Word of the Day: Lapwing

February 9, 2010 in News, Word of the Day

Better late than never, this week’s word is LAPWING.

The name given to a variety of species of crested plover, the lapwing is associated with forwardness and decisiveness (ironically) in Hamlet, based on the legend that the chick would burst out of their egg so quickly that the remained engrained on their head. As Horatio says of Osric,

This lapwing runs away with the shell on his head. (V.2)

It is also associated with deceit and treachery – an association which Shakespeare inherited from Chaucer’s description of the bird in The Parliament of Fowls – given its habit of luring other birds from their nests by flying past them. In Measure for Measure, the roguish Lucio admits to Isabella:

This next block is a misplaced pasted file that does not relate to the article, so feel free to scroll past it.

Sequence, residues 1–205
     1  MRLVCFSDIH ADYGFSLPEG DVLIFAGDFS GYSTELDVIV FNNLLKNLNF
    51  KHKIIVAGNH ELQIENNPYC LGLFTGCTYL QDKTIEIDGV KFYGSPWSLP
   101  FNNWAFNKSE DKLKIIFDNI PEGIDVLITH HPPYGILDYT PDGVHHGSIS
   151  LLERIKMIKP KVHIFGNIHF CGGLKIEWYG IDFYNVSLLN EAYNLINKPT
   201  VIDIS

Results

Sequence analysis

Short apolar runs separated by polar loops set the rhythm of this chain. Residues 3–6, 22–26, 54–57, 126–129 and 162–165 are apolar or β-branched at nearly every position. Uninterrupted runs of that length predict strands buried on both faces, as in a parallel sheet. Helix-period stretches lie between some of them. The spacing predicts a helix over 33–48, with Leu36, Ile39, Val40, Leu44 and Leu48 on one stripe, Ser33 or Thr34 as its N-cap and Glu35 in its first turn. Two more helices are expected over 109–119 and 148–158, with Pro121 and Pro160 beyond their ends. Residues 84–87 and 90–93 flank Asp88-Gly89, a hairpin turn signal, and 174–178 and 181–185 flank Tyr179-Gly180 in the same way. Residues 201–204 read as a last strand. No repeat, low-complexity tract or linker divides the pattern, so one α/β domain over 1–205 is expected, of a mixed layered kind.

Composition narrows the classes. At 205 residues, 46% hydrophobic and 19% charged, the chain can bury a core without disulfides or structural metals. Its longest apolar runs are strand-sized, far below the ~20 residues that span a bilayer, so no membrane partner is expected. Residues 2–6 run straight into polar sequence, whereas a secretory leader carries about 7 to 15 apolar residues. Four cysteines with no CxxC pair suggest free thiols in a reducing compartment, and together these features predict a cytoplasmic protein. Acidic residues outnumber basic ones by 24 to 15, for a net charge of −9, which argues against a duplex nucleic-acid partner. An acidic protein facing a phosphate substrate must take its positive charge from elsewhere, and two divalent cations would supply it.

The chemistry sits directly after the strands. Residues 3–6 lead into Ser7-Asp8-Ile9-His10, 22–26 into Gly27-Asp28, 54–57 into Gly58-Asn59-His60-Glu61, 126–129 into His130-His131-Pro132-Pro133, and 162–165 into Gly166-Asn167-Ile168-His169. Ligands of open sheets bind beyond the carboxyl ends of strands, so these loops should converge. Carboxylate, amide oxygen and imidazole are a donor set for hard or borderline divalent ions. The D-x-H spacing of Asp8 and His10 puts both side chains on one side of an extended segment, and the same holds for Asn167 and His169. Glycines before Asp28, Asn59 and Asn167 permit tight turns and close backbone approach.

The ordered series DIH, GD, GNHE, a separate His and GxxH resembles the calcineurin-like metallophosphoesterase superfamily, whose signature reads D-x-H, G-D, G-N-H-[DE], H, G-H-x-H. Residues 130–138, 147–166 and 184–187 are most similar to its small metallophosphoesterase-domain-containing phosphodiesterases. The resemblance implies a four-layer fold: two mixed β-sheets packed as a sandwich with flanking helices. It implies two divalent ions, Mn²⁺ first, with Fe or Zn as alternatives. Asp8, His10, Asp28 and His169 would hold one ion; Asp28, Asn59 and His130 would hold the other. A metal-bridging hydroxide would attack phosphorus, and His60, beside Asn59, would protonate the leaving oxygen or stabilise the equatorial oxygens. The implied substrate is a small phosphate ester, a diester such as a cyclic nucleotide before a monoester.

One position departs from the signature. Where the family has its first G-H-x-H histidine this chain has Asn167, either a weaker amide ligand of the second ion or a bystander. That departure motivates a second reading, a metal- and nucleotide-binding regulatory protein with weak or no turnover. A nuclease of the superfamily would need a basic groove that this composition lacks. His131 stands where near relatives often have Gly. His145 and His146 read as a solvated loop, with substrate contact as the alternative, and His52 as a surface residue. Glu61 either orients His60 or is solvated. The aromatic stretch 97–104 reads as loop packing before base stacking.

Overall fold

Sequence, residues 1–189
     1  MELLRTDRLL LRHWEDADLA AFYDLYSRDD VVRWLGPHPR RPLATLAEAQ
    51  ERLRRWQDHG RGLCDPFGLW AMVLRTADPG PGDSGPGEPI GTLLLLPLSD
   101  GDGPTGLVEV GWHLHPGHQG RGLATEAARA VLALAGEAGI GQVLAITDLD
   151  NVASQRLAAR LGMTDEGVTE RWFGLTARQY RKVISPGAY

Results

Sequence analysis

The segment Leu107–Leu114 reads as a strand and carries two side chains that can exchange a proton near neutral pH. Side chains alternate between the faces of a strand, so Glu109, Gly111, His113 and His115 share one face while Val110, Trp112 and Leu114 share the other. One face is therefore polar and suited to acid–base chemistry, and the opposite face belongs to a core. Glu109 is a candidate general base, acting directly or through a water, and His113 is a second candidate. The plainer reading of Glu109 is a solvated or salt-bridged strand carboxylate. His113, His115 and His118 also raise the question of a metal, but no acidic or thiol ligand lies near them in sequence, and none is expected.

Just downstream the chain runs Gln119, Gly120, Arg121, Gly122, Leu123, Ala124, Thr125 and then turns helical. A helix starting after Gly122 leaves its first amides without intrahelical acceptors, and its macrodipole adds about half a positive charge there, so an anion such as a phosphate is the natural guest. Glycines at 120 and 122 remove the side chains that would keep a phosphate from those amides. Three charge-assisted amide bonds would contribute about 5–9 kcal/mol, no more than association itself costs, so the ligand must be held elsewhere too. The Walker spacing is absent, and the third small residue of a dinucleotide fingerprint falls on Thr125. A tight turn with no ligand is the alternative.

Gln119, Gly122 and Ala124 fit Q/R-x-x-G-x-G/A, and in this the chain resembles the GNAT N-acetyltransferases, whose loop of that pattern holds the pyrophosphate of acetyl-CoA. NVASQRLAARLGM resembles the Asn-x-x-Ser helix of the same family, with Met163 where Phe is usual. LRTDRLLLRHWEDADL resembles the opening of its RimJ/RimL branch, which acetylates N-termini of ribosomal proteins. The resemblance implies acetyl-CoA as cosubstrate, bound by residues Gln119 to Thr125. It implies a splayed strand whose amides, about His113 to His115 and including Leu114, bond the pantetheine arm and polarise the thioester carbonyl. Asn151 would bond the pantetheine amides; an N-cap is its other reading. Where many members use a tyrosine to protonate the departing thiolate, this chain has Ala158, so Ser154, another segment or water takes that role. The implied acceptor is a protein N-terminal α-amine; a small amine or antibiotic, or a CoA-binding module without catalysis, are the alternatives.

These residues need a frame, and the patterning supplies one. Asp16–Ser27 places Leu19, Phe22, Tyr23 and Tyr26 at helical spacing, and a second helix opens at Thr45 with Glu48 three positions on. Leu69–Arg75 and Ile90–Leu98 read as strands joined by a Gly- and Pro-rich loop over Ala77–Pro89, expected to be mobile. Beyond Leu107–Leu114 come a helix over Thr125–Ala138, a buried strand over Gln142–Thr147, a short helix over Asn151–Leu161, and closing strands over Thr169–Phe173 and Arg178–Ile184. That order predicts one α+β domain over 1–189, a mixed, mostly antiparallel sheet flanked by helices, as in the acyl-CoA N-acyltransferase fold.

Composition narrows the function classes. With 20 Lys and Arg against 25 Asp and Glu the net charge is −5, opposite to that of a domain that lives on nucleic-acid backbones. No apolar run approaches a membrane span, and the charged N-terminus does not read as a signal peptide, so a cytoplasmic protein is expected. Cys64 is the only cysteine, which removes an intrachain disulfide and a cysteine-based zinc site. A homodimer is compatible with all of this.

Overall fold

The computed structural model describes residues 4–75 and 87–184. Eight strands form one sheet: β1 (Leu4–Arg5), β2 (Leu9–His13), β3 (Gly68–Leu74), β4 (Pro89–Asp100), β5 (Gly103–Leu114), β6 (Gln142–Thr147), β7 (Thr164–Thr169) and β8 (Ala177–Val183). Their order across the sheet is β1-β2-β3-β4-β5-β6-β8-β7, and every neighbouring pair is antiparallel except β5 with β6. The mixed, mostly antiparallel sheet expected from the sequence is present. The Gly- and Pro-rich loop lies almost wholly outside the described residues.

… ’tis my familiar sin,
with maids to seem the lapwing and to jest
tongue far from heart (I.4)

‘The lapwing cries tongue far from heart’ went on to become a proverb.

To see the plays that this week’s word is taken from, see Open Shakespeare’s Hamlet and Open Shakespeare’s Measure for Measure.

And, if you want to volunteer a future word of the week, or get involved with Open Shakespeare more generally, click here.

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